Coal Plant Defeat in Eastern Kentucky Shows Us How

Wednesday, December 8, 2010

dreamstime_4907285 Sometimes you win. But in Kentucky, it wasn’t just because the people who live in the area served by the East Kentucky Power Cooperative (EKPC) got lucky. They earned their good fortune the hard way: they worked for it. They worked together with each other and several powerful environmental organizations like the Sierra Club and more local groups like Kentuckians for the Commonwealth, and made their utility coop walk away from a coal-fired electric plant it was bent on building.

Back in 2006, the EKPC was approval to build the new plant on the Kentucky River in Clark County. Long sections of the river are still bucolic stretches of meandering water edged with meadows and woods. It’s also a primary source of drinking water for the area through which it flows. The coop got the approval based on projected need for electricity in its region. Although that need had gradually evaporated,for several reasons, the coop continued its efforts to fund, permit and build the plant. Despite EKPC’s poor financial condition, much of the financing and most of the permits were in place.

One of the last steps was a hearing for a permit from the US Army Corps of Engineers that would allow the new plant to dump several million tons of coal ash annually into streams that feed into the Kentucky River. The fact that coal ash contains a number of hazardous chemicals including mercury and chromium had in the past not been considered a factor in allowing such dumping under current Kentucky law. The fact that the drinking water intakes for Lexington, Kentucky’s second largest city and an urban hub were only a few miles downstream from the proposed site was apparently also okay back in the days when the plant was originally approved.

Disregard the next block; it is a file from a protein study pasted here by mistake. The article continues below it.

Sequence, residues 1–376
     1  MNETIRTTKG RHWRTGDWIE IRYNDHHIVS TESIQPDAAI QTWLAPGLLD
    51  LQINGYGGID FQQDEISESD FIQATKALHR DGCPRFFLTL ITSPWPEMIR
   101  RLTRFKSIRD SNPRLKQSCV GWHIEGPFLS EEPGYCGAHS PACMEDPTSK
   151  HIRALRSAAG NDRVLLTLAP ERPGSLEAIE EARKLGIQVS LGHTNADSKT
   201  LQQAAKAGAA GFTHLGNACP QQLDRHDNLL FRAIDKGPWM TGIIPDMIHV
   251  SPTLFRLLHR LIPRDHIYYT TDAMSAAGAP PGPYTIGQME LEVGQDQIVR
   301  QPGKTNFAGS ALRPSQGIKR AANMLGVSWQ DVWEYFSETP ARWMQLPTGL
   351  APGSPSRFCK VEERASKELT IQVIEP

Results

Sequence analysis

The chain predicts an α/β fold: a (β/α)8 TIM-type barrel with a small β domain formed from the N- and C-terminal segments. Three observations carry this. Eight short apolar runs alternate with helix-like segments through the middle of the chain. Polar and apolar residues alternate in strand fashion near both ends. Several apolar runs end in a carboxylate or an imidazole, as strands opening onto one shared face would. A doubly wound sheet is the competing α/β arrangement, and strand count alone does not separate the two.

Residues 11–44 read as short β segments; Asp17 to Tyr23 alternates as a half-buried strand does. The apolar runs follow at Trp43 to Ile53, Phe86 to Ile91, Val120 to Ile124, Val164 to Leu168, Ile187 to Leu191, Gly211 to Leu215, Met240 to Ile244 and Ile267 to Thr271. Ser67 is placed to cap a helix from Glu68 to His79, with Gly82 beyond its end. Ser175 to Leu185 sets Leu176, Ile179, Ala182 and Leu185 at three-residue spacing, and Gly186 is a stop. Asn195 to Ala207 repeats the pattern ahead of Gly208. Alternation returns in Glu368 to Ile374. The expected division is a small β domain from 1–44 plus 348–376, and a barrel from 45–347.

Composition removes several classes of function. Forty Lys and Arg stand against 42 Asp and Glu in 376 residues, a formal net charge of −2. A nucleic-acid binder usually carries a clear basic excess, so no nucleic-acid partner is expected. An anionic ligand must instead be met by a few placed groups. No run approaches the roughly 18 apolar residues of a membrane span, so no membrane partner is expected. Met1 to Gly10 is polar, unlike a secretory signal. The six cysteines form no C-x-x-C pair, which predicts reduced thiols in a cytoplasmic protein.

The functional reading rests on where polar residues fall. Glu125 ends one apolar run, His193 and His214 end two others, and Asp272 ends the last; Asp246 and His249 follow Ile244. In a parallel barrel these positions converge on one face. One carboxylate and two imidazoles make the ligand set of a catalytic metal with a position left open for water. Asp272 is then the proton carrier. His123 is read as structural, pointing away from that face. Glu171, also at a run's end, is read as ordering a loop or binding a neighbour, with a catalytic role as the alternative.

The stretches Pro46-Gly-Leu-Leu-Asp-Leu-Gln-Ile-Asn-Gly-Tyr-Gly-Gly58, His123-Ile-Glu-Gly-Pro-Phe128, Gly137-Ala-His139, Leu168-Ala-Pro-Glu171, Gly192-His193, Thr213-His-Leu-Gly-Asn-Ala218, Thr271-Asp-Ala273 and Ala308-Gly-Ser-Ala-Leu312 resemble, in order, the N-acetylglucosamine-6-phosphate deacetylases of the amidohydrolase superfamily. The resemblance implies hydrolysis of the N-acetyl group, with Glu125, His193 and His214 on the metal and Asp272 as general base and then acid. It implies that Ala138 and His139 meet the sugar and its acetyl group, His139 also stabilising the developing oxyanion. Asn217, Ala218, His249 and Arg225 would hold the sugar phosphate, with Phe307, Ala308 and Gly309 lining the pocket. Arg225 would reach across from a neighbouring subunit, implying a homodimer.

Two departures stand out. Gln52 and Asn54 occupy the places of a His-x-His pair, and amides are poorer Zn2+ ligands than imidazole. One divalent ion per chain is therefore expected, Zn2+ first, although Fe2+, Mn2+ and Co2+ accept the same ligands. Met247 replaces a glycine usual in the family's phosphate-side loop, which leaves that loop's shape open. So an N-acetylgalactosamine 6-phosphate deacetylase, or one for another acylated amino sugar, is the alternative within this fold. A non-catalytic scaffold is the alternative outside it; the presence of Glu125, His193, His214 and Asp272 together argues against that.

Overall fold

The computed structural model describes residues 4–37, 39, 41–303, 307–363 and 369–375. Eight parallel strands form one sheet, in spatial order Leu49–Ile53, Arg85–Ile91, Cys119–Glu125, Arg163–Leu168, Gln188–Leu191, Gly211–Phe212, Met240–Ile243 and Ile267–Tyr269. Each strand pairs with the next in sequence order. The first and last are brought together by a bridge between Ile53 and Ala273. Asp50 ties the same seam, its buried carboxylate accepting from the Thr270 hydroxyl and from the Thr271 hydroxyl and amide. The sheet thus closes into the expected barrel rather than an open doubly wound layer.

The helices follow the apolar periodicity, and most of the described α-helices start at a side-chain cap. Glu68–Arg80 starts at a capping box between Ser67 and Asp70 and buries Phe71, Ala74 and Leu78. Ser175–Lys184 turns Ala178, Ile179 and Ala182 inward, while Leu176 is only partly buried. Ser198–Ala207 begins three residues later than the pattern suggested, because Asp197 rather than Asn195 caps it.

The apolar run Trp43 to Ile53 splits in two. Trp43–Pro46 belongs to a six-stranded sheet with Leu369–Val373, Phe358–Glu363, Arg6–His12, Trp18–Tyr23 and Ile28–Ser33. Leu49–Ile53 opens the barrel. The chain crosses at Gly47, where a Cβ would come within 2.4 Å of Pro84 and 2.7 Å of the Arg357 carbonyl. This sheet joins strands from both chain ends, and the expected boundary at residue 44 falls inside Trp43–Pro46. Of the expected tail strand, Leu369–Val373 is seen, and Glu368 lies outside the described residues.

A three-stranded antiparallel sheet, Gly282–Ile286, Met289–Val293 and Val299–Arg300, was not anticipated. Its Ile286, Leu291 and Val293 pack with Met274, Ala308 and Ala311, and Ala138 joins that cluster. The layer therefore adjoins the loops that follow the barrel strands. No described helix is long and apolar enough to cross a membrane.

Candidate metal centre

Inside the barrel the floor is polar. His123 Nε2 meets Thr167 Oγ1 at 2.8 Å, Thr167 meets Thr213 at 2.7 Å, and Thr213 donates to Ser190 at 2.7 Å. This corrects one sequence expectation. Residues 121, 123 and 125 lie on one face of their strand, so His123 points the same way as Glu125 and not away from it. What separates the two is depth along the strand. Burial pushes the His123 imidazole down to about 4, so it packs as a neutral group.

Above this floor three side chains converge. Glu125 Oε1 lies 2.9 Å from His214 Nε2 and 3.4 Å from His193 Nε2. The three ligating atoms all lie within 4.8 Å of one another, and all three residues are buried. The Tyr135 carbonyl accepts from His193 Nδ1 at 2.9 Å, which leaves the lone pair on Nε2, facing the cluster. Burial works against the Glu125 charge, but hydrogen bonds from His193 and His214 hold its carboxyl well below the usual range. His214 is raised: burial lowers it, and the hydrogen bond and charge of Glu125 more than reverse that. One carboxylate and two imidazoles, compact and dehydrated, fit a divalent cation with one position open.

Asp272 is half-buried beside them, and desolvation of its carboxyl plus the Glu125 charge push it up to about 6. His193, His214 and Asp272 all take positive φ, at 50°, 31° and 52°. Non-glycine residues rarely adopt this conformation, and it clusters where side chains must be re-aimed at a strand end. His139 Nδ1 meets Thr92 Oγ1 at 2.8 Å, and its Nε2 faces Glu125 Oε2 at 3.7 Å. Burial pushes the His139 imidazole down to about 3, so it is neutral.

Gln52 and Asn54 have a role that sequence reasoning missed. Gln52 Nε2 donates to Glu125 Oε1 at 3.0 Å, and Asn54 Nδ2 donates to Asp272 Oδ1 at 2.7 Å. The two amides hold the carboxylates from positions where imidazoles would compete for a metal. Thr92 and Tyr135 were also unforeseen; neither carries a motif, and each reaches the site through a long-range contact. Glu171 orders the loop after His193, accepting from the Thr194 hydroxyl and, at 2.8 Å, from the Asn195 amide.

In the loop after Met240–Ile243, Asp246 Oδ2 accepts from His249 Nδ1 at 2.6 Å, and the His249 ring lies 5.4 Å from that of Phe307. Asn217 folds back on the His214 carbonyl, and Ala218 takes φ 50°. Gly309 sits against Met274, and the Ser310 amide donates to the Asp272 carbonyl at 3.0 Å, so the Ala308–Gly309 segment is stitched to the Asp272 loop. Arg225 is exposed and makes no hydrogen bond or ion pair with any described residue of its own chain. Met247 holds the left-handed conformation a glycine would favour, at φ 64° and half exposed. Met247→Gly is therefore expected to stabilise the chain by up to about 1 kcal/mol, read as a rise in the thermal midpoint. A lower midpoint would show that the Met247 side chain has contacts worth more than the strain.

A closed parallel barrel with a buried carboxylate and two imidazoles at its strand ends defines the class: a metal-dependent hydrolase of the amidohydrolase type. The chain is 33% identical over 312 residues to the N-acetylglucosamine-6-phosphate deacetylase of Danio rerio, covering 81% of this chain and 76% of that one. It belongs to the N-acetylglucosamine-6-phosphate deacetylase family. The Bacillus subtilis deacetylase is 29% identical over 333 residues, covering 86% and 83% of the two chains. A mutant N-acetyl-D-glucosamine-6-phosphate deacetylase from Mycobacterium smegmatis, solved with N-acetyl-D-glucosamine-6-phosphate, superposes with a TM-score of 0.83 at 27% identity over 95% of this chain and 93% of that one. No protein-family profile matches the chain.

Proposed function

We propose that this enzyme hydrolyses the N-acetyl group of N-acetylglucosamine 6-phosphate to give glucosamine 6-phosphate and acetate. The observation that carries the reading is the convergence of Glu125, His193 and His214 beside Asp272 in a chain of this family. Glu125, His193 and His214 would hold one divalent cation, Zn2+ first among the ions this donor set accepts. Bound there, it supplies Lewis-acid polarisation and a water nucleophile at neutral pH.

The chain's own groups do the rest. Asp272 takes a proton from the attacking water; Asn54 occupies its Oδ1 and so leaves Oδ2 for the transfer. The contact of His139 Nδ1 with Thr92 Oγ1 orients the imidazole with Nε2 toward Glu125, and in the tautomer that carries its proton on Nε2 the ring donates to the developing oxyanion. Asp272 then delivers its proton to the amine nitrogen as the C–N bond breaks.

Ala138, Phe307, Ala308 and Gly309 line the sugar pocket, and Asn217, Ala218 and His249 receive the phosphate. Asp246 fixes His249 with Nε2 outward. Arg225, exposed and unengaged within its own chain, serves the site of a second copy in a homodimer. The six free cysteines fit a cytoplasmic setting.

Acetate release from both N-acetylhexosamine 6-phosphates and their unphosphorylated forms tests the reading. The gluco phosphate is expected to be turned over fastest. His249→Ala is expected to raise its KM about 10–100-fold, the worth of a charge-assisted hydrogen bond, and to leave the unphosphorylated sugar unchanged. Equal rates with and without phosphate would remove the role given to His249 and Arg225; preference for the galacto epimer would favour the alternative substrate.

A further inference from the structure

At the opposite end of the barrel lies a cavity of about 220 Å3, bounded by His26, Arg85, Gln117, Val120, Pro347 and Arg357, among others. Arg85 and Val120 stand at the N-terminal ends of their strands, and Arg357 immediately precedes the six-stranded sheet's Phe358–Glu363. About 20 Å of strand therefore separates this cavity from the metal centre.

The cooperative was founded in 1954 and currently includes 16 member utilities that serve some half-million customers. Every customer in the coop’s region is a member of the cooperative. The primary mandate of the coop was to keep its members’ energy costs as low as possible.  But like all large organizations, its drive to be bigger had apparently overrun its commitment to its members. The EPA found that EKPC also failed to consider less polluting options such as natural gas, energy conservation and renewable energy, although they were required to do so by  law.

Part of the defeat of the coal plant was due to the recession. Part of it was due to a growing awareness that coal is not cheap; it has disastrously expensive consequences for the health and environment of the area in which a coal plant operates.  But most of all it was due to the efforts of local citizens to understand what was happening and to give knowledgeable and informed testimony to what needed to be done. Finally there was the basic fact: much of the energy EKPC’s members consume is wasted: heat and cooled air leak through badly sealed walls; poorly designed and inefficient heating and cooling systems squander a large part of the power they burn; and many of our appliances, large and small, have poor energy efficiency. Saving that energy in eastern Kentucky instead of burning more coal will make a big difference for the region.

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